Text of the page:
House Republicans and Senate Democrats are introducing competing budget plans with starkly different tax proposals.
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House Budget Committee Chairman Paul Ryan, R-Wis., introduced the latest version of his Path to Prosperity budget plan on Tuesday, with similar tax proposals as those the former Republican vice presidential nominee introduced the past two years. Ryan’s proposals aim to simplify the Tax Code to make it fairer to American families and businesses, reduce the amount of time and resources necessary to comply with tax laws, and substantially lower tax rates for individuals, with a goal of achieving a top individual rate of 25 percent. Ryan’s proposal would consolidate the current seven individual-income-tax brackets into two brackets of 10 and 25 percent.
Ryan's plan would also repeal the Alternative Minimum Tax, reduce the corporate tax rate to 25 percent, and transition the Tax Code to a more competitive system of international taxation. The goal would be to balance the budget in 10 years’ time without raising taxes.
“The current Tax Code is a Rubik's cube that Americans spend six billion hours—and $160 billion—each year trying to solve,” Ryan said in a Wall Street Journal editorial on Tuesday. “The U.S. corporate tax is the highest in the industrialized world. So our budget paves the way for comprehensive tax reform. It calls for Congress to simplify the code by closing loopholes and consolidating tax rates. Our goal is to have just two brackets: 10% and 25%. House Ways and Means Chairman Dave Camp has committed to pass a specific bill this year.”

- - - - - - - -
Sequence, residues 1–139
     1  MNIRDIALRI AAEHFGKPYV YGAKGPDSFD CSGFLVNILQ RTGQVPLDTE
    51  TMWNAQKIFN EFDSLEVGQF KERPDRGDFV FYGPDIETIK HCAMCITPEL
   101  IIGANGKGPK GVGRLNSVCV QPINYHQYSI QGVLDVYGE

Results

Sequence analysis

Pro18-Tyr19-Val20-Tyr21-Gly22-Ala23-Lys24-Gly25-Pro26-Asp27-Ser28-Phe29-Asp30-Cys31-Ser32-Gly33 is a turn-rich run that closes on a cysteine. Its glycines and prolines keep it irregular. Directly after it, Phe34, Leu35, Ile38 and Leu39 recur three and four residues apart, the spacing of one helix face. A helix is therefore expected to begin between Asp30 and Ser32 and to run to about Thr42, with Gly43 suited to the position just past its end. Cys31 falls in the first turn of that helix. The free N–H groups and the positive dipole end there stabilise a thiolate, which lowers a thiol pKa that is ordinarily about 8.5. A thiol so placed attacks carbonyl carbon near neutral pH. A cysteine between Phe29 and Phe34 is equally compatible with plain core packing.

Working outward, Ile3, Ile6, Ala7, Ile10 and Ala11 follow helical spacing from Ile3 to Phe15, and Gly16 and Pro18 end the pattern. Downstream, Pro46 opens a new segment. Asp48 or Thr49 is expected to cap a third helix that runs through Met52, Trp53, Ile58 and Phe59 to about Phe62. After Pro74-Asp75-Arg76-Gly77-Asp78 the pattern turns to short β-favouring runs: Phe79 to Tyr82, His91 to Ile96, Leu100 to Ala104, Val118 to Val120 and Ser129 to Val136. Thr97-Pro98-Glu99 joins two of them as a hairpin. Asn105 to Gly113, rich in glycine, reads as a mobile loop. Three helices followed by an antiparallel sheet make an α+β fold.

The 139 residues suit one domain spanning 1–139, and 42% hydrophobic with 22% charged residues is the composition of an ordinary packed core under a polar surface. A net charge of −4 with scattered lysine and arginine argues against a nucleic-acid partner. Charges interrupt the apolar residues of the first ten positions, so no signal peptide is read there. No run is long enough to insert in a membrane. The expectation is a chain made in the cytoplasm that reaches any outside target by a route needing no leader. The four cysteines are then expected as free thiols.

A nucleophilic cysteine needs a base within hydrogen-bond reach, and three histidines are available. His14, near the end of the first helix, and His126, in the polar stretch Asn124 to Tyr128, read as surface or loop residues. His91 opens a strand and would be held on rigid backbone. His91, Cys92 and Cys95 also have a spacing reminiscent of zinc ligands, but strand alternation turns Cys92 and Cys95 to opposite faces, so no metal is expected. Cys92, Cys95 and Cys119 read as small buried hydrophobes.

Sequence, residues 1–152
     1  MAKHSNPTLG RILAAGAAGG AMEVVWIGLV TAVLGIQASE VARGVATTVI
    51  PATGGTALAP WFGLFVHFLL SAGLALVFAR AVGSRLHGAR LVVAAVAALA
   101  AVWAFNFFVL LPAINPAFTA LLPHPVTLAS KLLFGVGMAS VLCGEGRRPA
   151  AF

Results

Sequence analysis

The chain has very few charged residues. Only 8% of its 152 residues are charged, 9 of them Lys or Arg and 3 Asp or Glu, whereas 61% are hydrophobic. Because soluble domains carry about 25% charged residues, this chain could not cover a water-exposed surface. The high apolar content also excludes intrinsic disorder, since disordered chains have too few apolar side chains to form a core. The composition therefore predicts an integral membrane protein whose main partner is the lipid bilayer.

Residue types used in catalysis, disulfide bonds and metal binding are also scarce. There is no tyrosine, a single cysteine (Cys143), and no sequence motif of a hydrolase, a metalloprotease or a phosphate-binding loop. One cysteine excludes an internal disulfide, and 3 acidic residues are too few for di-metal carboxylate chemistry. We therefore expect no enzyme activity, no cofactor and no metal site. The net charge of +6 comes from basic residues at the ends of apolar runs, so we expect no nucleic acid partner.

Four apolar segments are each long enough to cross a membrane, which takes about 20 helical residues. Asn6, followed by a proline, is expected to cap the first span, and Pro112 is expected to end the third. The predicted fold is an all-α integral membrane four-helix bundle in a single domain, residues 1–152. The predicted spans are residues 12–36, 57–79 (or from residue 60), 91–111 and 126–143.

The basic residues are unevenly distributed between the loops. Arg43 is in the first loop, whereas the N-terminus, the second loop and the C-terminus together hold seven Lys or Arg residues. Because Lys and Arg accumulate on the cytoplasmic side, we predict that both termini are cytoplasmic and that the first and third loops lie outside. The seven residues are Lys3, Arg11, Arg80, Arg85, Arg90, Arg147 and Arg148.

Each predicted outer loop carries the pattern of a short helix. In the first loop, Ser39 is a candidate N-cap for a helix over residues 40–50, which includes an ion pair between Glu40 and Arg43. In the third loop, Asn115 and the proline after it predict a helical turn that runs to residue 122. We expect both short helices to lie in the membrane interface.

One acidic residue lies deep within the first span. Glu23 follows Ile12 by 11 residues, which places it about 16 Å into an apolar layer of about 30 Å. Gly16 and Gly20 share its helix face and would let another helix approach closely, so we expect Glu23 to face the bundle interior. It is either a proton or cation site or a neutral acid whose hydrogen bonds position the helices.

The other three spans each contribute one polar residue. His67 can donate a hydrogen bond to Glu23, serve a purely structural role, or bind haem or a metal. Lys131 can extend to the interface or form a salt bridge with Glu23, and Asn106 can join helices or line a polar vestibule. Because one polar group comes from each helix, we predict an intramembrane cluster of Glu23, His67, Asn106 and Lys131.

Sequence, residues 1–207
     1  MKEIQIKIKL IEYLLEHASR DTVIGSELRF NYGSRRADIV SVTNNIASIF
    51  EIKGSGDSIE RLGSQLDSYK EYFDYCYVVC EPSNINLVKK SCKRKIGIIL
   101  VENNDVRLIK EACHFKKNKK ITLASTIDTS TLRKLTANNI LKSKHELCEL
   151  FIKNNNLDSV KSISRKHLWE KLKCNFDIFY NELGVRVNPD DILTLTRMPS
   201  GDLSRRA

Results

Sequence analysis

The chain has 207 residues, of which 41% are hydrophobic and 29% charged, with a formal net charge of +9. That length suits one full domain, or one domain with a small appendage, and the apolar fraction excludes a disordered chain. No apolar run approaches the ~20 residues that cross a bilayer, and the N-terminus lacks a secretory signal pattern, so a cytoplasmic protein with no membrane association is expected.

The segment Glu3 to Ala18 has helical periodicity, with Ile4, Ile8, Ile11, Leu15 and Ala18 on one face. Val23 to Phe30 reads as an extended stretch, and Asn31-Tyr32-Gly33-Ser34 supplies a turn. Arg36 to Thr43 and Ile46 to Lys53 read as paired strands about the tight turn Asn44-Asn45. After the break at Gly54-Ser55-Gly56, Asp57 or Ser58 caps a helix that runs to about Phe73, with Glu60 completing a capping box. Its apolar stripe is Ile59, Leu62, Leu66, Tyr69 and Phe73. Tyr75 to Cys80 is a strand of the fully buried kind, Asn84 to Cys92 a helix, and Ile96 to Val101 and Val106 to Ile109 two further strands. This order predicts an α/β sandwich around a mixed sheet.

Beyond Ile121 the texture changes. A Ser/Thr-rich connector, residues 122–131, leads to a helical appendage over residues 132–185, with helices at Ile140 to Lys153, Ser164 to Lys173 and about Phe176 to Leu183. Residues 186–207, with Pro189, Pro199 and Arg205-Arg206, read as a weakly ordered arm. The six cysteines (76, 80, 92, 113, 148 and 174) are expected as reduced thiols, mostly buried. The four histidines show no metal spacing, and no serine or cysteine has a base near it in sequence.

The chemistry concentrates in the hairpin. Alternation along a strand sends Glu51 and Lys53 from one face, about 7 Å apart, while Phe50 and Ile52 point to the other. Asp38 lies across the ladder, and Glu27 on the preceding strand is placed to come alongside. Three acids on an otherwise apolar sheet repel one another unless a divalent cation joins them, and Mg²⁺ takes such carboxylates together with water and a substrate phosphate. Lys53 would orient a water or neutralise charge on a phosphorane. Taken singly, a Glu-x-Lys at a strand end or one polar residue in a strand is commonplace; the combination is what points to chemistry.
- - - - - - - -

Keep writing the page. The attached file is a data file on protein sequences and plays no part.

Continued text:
Separately, Camp released his own set of tax reform proposals for small businesses on Tuesday (see Ways and Means Chairman Camp Proposes Small Business Tax Reforms).
Ryan’s plan also includes proposals for repealing the Affordable Care Act and partially privatizing Medicare by changing it into a voucher-like premium support program for those under the age of 55,. Senate Finance Committee chairman Max Baucus, D-Mont., criticized that element of the House Republican budget plan. “Any budget plan that undermines the fundamental promise of Medicare is wrong for seniors in Montana and across America,” he said in a statement. “Forcing our senior citizens to pay thousands more out of their own pockets will not make health care any more affordable, and it won’t help our economy. Only a balanced combination of sensible spending cuts and revenues will tackle the debt and keep our promise to today’s seniors and future generations.”
The Obama administration has postponed the release of its own budget plan until April 8, citing recent uncertainty over the budget sequester and passage of a continuing resolution to fund the federal government. The administration’s proposed budget was originally due according to law on the first Monday in February, which was February 4 of this year.
Instead, Senate Democrats previewed a budget plan of their own on Tuesday. Senate Budget Committee chair Patty Murray, D-Wash., plans to unveil a budget blueprint on Wednesday calling for $975 billion in new tax revenue over the next 10 years from closing tax loopholes and ending tax expenditures. Her plan aims to reduce the budget deficit with through a mix of approximately 50 percent spending cuts and 50 percent tax revenue increases. A reconciliation procedure would be used to overcome the threat of a Senate filibuster.